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Asia

South Korean conservatives poised to hold majority in elections

Concerns about North Korea loom large as South Korea votes for a new parliament, to the ruling party's benefit. Stefan Samse, chief of the Konrad Adenauer Stiftung's Seoul office, discusses campaign themes and players.

DW: Fours years ago, the conservative Saenuri Party of President Park Geun Hye won a majority of seats in South Korea's single-body parliament. Can they expect another victory this time around?

Stefan Samse: Polls over the last few months have shown the Saenuri Party in the lead. But it has lost sympathy as a result of intense internal disagreements over the nomination of its candidates. What effect this will end up having is hard to guess, especially as poll results cannot be released in the six days before the election. In my estimation, the Saenuri Party will finish in front, though not too far ahead of the competition.

Which issues has the Saenuri Party focused on in its campaign?

It has placed an emphasis on the above-average level of unemployment among teenagers and young adults - especially young academics - as well as on slowing economic growth. The Saenuri Party has pledged support for the country's large conglomerates, such as Samsung, Hyundai and LG, and it has put forth reforms that aim to strengthen small and medium-sized businesses.

Stefan Samse is director the Konrad Adenauer Stiftung's Korea Office in Seoul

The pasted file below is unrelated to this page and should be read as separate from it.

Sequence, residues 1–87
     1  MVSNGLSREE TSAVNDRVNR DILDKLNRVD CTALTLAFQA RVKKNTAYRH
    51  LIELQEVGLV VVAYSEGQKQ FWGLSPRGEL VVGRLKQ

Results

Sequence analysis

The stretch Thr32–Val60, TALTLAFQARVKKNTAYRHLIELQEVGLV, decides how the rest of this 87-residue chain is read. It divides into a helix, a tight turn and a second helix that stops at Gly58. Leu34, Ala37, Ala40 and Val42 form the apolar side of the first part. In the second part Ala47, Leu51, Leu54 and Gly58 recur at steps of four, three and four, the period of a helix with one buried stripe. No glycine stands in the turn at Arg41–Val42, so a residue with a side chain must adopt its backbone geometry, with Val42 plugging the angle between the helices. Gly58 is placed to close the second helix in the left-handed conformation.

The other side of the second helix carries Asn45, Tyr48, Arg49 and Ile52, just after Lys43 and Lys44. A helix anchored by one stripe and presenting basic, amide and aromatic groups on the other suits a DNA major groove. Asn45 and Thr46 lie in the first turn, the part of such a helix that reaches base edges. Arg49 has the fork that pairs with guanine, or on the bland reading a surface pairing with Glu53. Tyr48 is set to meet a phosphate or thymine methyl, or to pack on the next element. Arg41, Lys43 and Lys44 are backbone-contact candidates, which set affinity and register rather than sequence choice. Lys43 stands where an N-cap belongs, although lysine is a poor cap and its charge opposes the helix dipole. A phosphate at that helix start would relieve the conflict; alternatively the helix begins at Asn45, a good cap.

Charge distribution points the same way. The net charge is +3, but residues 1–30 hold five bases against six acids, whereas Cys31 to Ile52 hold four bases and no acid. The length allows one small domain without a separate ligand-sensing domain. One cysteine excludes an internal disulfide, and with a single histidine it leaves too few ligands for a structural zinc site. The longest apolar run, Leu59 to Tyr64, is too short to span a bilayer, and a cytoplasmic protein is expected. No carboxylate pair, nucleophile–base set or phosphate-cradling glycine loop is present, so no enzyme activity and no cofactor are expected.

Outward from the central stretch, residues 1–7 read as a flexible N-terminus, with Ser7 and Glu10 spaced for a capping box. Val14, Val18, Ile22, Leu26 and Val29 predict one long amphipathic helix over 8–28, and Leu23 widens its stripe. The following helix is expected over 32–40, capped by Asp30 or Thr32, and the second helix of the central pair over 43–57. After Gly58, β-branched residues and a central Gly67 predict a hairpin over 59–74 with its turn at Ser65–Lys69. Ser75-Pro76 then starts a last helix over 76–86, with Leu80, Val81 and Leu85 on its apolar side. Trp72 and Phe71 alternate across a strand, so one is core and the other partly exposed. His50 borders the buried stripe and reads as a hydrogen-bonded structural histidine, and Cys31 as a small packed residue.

Stefan Samse: 'In my estimation, the Saenuri Party will finish in front, though not too far ahead of the competition'

Rising life-expectancy and a growing elderly population have also been key topics in the campaign as a whole, and especially for the Saenuri Party.

The North Korea question is also important. Party representatives reacted strongly against Pyongyang's recent weapons tests, an approach that has appealed to a wide majority of voters.

And what are the central concerns of the opposition?

The discussion around a fairer distribution of financial resources is growing in importance. A particularly contentious question is whether South Korea, after two decades of economic advancement, can manage a more robust welfare state. The largest opposition party, the Minjoo Party of Korea (MPK), has sought for example to outbid Saenuri on promises for old-age social security. They have yet to convince voters though of the financial soundness of such proposals.

The MPK has put forth proposals to strengthen the median income, borrowing from the Saenuri Party. This isn't too surprising, as the chief economist of the conservatives during the 2012 election later signed on with the MPK.

North Korea is the number one topic on a daily basis in the South Korean media. But on the campaign trail, it is only a part of a more general debate about internal and external security. In this area, looking at surveys and the public mood, the opposition can hardly steal any ground from the ruling party.

Can the results of the parliamentary elections also be viewed as an assessment of President Park's administration?

If the elections had been held a year ago, they may have sent a clear message for Saenuri. But the current election will speak more to the looming presidential election, to be held next year. Potential candidates will begin to position themselves after Wednesday. No clear favorite to succeed President Park has emerged yet within the Saenuri Party. But there has been fierce speculation that the outgoing Secretary-General of the United Nations Ban Ki-Moon will throw his hat in the ring.

Stefan Samse is director of the Konrad Adenauer Stiftung's Korea Office in Seoul.

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